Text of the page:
Identification of rat and human cytochrome P450 isoforms and a rat serum esterase that metabolize the pyrethroid insecticides deltamethrin and esfenvalerate

  • Godin S
  • Crow J
  • Scollon E
 et al.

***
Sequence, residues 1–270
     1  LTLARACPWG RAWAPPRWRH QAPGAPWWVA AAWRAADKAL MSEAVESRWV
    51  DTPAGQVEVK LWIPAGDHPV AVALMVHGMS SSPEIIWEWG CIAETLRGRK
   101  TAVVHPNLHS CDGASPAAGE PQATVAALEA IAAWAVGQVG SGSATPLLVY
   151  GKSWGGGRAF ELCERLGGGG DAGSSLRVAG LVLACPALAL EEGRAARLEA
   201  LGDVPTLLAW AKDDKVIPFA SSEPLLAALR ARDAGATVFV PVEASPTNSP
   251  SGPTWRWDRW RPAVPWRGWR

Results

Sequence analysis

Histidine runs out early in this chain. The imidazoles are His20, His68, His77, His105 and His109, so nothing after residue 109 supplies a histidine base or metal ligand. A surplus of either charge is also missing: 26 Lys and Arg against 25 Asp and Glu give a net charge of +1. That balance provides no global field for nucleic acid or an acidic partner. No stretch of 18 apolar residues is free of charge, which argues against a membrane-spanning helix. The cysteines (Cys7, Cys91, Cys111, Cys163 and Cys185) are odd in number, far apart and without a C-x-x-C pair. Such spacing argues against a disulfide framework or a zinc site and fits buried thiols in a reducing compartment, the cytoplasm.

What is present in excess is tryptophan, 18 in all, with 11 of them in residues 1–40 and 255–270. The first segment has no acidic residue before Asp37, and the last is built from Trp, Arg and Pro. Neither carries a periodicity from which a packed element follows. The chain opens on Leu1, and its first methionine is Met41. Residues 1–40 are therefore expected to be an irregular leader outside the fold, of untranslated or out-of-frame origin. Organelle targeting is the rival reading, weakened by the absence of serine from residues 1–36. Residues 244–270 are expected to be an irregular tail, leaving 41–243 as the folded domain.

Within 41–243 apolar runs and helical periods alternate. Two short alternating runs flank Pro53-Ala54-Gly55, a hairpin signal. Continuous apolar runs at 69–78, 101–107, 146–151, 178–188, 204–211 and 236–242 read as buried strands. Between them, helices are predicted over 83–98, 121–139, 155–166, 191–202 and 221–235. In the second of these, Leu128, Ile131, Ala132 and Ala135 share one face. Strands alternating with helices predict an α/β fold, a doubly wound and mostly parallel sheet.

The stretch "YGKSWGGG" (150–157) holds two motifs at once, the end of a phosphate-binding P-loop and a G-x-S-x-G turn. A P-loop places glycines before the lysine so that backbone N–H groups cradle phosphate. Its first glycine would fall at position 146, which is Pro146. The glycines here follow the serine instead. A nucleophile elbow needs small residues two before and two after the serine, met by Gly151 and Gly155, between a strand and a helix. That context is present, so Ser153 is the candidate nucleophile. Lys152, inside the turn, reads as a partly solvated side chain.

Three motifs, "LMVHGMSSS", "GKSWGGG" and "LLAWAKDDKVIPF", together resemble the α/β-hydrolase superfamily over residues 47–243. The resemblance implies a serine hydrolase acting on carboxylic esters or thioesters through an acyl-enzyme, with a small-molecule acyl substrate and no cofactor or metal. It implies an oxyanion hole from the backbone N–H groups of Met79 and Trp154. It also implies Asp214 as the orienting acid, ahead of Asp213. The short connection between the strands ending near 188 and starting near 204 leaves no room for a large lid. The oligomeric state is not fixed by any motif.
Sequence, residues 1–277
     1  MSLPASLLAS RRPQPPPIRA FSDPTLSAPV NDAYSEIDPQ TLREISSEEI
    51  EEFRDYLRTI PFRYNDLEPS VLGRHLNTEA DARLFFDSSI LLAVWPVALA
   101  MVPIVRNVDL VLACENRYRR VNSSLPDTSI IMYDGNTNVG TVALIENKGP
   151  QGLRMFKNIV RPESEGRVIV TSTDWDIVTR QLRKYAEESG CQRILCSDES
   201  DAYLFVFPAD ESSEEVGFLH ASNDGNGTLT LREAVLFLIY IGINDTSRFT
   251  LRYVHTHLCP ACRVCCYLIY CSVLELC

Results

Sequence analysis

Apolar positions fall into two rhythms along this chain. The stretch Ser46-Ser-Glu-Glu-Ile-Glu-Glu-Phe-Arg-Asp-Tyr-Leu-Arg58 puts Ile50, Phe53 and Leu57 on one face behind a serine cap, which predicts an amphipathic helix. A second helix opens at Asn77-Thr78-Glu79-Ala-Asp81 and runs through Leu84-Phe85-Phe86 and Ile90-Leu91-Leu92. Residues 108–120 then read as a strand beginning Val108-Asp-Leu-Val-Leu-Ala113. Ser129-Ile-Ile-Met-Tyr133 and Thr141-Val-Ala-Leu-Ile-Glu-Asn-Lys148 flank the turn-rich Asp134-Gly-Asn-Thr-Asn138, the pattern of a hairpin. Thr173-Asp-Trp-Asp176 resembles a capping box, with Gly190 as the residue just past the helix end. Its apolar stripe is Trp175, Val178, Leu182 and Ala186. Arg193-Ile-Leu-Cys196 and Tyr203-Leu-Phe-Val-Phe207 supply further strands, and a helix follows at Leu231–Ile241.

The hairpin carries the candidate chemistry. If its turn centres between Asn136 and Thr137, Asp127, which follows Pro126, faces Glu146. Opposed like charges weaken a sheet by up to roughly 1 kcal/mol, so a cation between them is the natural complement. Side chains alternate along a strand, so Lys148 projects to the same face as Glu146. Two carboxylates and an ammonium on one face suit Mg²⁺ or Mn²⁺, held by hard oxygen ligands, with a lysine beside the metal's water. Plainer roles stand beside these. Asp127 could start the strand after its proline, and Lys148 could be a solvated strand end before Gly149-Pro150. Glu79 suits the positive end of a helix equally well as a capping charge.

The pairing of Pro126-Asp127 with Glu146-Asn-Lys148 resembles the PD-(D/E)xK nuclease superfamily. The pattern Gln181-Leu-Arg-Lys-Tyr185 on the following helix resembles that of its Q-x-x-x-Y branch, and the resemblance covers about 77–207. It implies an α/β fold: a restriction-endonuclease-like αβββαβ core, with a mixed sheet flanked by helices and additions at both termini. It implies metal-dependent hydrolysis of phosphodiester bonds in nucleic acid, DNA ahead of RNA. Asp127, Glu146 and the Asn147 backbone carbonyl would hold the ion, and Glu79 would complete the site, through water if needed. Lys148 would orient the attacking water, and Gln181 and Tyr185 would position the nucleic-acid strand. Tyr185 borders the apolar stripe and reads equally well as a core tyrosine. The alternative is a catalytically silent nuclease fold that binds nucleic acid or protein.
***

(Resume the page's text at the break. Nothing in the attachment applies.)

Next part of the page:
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The metabolism of (S)-cyano-3-phenoxybenzyl (1R, 3R)-cis-3- (2,2-dibromovinyl)-2,2-dimethylcyclopropane carboxylate (deltamethrin) and (S)-cyano-3-phenoxybenzyl 2-(4-chlorophenyl)-3- methylbutyrate (esfenvalerate) by rat and human liver microsomes differs with respect to the biotransformation pathway (oxidation versus hydrolysis) responsible for their clearance. This study aims to further explore the species differences in the metabolism of these chemicals. Using a parent depletion approach, rat and human cytochromes P450 (P450s) were screened for their ability to eliminate deltamethrin or esfenvalerate during in vitro incubations. Rat P450 isoforms CYP1A1, CYP2C6, CYP2C11, and CYP3A2 and human P450 isoforms CYP2C8, CYP2C19, and CYP3A5 were capable of metabolizing either pyrethroid. Human CYP2C9 metabolized esfenvalerate but not deltamethrin. Rat and human P450s that metabolize esfenvalerate and deltamethrin do so with similar kinetics. In addition to the liver, a potential site of metabolic elimination of pyrethroids is the blood via serum carboxylesterase (CE) hydrolysis. The serum of rats, but not humans, contains significant quantities of CE. Deltamethrin and esfenvalerate were metabolized effectively by rat serum and a purified rat serum CE. In contrast, neither pyrethroid was metabolized by human serum or purified human serum esterases (acetylcholinesterase and butyrylcholinesterase). These studies suggest that the difference in rates of oxidative metabolism of pyrethroids by rat and human hepatic microsomes is dependent on the expression levels of individual P450 isoforms rather than their specific activity. Furthermore, these studies show that the metabolic elimination of deltamethrin and esfenvalerate in blood may be important to their disposition in rats but not in humans.

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